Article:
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Putting Banana Plugs on my Acme...


BenLoy

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I have one of the old Acme B2's that just has 1/4" inputs. I'd like to put in a set of banana plugs to better handle the 1200 Watts of current I'll be running into it.

 

Anybody attempted this mod themselves? Is it better left to a pro?

 

Is greenboy lurking out there? :rolleyes:

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Hmmmm..... if you are gonna go thru the trouble of switching out a connector..... I'd have to recommend switching to a 'Nuetrik' connection.

 

Much better connection.....solid , better cable relief, and no 'wrong' way to connect....as with Banana's.

 

JMO :)

PJR

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You mean a Speakon? Downside of speakons is that the connectors are expensive and unsoldered, but they're simple and you can't put them in wrong and they're way better than 1/4" jacks. Banana plugs are best in an audiophile sense, but Speakons are the standard for PA systems.

 

Alex

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I'm more interested in knowing why you believe banana plugs will better handle the power?

 

A speaker cable sized 1/4" phone jack will work just as well as banana plugs, with less chance of being accidentally removed.

 

If you really want to improve the input jack on your speaker cab, replace it with a Neutrik Speakon connector. It's the standard connector for PA speakers, available in two conductor, 4 conductor, and 8 conductor versions. Either of the first two will fit the bill for your purposes. In fact, are becoming the standard for high powered bass amps as well.

 

One of the biggest plus' of Speakons are the simple twist-lock connection and easy, solder or solderless connection.

 

Here's some pics. The first is a 2 pole receptacle and cable connector. The second are 4 pole connectors. Their outside dimensions are identical.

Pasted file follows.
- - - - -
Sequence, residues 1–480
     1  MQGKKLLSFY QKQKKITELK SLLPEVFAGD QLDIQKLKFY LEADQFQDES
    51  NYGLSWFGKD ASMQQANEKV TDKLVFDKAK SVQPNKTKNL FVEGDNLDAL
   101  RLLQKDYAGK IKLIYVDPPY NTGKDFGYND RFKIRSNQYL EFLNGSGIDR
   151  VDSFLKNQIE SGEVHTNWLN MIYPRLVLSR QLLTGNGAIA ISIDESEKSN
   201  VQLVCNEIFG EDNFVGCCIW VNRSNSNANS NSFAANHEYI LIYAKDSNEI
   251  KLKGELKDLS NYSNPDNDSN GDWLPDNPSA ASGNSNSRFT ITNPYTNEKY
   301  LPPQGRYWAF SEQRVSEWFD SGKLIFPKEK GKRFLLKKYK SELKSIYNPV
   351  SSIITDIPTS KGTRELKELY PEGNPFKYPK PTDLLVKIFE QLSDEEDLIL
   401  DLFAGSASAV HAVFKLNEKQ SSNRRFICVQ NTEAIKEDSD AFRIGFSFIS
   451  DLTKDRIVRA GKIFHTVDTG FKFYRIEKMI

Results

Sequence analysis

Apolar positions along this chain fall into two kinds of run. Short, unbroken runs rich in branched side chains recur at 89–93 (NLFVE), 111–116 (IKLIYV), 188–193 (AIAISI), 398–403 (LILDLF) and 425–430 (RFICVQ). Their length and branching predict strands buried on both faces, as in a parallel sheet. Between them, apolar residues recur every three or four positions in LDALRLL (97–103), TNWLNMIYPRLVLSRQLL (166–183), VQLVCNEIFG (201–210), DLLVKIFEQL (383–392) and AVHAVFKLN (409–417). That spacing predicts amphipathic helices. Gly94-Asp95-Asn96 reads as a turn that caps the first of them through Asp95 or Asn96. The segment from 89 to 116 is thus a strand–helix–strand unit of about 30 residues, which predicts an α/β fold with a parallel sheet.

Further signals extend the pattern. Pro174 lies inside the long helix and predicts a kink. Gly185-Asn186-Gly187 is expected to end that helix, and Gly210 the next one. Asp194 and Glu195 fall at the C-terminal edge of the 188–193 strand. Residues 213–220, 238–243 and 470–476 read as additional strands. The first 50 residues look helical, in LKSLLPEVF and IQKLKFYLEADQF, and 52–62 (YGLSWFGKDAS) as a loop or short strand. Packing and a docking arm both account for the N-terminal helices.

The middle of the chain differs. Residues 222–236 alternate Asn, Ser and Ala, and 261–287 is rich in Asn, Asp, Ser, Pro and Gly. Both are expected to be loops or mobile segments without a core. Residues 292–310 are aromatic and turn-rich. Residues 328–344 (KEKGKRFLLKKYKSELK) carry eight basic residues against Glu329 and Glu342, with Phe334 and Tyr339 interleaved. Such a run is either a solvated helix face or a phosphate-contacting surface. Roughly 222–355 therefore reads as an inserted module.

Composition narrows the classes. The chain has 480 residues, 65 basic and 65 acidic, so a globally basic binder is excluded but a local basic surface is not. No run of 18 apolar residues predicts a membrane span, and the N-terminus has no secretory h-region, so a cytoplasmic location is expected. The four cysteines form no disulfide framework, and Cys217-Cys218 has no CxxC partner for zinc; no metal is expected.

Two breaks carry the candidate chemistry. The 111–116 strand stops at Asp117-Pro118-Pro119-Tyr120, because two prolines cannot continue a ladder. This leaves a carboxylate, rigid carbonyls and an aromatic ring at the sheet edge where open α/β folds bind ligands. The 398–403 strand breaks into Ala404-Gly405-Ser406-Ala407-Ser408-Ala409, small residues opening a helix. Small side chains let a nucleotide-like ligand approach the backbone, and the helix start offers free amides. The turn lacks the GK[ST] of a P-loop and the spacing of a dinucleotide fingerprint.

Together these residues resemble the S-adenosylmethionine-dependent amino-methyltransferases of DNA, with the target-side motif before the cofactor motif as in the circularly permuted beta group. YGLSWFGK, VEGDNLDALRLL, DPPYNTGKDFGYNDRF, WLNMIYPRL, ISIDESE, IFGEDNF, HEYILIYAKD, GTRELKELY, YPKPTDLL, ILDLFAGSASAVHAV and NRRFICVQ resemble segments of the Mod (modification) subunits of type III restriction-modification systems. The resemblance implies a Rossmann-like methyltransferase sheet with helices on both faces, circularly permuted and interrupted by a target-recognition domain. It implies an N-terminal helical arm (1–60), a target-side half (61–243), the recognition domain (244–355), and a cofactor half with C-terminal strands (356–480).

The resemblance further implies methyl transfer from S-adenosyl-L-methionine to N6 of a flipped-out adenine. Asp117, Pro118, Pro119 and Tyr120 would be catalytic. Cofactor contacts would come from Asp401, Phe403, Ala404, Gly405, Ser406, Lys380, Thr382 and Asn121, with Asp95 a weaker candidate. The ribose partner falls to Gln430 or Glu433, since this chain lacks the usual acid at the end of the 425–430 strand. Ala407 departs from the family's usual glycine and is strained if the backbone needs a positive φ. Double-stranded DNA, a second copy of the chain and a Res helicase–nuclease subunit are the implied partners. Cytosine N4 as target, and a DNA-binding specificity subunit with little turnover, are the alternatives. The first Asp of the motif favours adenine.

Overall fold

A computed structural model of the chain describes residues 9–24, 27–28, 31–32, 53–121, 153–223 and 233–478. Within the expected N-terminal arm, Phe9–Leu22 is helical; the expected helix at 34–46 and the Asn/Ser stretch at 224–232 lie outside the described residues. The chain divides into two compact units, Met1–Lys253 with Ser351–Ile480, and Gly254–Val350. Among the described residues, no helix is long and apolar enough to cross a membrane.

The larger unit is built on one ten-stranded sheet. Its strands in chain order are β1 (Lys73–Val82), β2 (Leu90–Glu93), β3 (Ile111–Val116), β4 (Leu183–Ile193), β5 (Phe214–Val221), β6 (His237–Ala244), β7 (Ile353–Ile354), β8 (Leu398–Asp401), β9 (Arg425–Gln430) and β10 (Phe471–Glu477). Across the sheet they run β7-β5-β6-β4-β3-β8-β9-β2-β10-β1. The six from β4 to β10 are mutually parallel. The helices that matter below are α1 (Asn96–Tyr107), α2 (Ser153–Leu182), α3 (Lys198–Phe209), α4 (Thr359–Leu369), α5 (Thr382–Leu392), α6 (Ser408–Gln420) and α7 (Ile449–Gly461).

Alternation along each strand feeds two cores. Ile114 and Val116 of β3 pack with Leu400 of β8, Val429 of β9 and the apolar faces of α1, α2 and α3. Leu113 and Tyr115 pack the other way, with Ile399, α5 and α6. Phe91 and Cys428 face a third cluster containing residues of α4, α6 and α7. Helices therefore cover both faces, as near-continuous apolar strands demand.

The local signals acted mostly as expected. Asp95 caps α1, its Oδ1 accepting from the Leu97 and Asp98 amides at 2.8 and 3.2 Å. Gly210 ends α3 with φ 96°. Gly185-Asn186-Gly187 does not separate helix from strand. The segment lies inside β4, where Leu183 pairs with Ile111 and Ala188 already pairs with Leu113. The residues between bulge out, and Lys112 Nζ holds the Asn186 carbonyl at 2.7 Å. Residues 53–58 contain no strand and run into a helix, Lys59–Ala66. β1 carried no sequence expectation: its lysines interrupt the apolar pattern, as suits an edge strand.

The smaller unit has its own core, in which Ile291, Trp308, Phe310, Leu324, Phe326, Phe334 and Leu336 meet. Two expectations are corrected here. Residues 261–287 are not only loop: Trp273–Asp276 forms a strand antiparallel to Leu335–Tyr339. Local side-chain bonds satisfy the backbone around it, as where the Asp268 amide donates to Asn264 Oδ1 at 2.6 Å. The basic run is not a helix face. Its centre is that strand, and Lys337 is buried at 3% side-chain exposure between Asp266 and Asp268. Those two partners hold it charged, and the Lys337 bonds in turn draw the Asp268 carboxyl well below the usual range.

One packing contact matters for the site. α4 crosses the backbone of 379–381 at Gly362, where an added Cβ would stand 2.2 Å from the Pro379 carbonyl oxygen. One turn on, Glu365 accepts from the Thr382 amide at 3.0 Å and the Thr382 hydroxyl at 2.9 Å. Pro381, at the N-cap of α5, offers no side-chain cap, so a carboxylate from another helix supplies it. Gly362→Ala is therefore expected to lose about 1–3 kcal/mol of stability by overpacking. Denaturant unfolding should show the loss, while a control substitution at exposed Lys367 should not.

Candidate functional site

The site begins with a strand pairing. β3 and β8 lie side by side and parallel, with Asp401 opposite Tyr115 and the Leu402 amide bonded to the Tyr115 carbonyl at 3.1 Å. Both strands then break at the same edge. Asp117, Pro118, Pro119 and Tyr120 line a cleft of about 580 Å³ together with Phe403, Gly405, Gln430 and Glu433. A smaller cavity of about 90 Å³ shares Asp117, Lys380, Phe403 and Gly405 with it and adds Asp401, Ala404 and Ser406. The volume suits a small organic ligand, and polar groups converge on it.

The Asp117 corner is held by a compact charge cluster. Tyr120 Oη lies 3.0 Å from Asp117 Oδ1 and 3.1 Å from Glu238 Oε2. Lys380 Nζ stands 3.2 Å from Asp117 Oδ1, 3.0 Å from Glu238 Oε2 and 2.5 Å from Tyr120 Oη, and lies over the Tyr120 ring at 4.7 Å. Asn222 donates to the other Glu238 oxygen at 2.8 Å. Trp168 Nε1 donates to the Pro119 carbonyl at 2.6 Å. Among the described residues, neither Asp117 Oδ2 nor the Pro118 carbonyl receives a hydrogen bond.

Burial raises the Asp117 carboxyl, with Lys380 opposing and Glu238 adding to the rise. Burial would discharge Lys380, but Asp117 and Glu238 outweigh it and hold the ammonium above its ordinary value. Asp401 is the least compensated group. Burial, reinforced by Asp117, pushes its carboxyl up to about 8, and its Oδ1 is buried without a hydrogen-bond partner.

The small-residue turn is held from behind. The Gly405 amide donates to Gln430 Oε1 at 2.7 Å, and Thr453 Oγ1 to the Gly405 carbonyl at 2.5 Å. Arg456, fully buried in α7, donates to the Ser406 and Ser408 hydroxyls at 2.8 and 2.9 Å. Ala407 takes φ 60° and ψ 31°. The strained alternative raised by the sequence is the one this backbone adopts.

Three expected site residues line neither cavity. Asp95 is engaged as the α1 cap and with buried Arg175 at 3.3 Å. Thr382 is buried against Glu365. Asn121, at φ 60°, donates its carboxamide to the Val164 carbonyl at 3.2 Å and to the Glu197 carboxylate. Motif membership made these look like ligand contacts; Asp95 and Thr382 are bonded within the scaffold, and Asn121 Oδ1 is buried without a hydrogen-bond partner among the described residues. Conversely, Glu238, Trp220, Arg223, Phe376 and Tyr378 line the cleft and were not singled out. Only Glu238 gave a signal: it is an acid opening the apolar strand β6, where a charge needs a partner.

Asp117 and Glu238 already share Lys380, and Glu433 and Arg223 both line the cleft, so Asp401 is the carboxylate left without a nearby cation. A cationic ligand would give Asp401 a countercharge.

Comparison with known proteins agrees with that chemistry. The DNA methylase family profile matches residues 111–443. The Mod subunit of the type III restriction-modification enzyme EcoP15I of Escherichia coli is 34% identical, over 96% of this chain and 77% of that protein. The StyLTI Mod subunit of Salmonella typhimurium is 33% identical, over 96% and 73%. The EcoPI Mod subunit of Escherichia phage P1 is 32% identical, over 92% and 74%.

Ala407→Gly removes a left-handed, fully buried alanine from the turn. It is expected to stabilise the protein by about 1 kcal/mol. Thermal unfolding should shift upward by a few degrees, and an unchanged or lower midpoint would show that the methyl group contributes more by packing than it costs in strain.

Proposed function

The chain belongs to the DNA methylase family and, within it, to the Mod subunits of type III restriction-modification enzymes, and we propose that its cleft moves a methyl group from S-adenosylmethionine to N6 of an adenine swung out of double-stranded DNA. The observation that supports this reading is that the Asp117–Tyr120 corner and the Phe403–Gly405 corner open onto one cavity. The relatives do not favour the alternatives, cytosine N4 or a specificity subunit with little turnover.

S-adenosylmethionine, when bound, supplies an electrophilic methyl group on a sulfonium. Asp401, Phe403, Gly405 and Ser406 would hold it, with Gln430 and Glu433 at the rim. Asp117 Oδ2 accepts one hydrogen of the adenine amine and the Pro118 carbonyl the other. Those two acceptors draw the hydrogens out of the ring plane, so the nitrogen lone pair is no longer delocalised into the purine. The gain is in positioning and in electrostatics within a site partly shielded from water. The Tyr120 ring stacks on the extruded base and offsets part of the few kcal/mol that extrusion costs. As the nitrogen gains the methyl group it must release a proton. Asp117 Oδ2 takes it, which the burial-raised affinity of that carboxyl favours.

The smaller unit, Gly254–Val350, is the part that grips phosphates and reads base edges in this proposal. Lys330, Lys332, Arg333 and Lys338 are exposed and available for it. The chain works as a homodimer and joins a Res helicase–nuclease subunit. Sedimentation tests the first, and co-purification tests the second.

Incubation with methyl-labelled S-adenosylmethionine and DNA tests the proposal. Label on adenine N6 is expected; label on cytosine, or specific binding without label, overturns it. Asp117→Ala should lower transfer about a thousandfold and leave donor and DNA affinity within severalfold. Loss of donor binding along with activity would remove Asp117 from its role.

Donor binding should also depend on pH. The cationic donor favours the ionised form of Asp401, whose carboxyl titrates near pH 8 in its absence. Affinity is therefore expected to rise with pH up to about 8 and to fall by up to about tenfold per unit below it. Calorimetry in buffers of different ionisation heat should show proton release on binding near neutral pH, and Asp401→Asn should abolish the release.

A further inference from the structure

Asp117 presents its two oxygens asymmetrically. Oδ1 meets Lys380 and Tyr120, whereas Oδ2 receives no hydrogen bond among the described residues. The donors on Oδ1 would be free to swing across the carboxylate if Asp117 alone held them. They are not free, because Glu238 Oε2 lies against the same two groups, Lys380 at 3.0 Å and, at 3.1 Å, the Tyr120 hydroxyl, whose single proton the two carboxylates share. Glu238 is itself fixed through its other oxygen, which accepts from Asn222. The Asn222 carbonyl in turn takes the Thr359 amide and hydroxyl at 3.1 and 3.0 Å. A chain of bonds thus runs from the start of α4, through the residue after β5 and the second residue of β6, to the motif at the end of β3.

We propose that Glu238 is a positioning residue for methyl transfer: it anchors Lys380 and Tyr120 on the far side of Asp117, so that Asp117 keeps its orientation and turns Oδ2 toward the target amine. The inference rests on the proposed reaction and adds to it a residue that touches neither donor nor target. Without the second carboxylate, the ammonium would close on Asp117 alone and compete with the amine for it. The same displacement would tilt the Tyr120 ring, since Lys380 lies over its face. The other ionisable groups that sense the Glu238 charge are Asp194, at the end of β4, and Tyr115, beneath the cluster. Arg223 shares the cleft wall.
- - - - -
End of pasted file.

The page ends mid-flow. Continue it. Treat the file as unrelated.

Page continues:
http://www.neutrikusa.com/products/images/speakon/2-pole.jpg

 

http://www.neutrikusa.com/products/images/speakon/4-pole_cable.jpg

It's easiest to find me on Facebook. Neil Bergman

 

Soundclick

fntstcsnd

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1/4" connectors are not designed to withstand a lot of power. they have a maximum after which they cannot dissipate heat quickly enough to minimize heat resistance.

 

banana plugs are designed to handle a lot more current; they perform better at all power levels.

 

and i think it's debatable whether being soldered or unsoldered is a better connection. solder is about the worst conductor that still is useful -- one could argue the sound degradation is a lot less with an unsoldered connection. of course, there is the potential for a lot less contact area if it's not soldered, so one could argue the sound degradation is a lot less with a soldered connection. see?

 

robb.

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You could also contact Andy at Acme and see what he has to say about it. I think that his current cabs have 1/4", Speakon, and banana plugs. At the very least he might be able to recommend to you the brands/types of jacks/connectors he's using now.

spreadluv

 

Fanboy? Why, yes! Nordstrand Pickups and Guitars.

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Originally posted by robb.:

1/4" connectors are not designed to withstand a lot of power. they have a maximum after which they cannot dissipate heat quickly enough to minimize heat resistance.

 

banana plugs are designed to handle a lot more current; they perform better at all power levels.

 

and i think it's debatable whether being soldered or unsoldered is a better connection. solder is about the worst conductor that still is useful -- one could argue the sound degradation is a lot less with an unsoldered connection. of course, there is the potential for a lot less contact area if it's not soldered, so one could argue the sound degradation is a lot less with a soldered connection. see?

 

robb.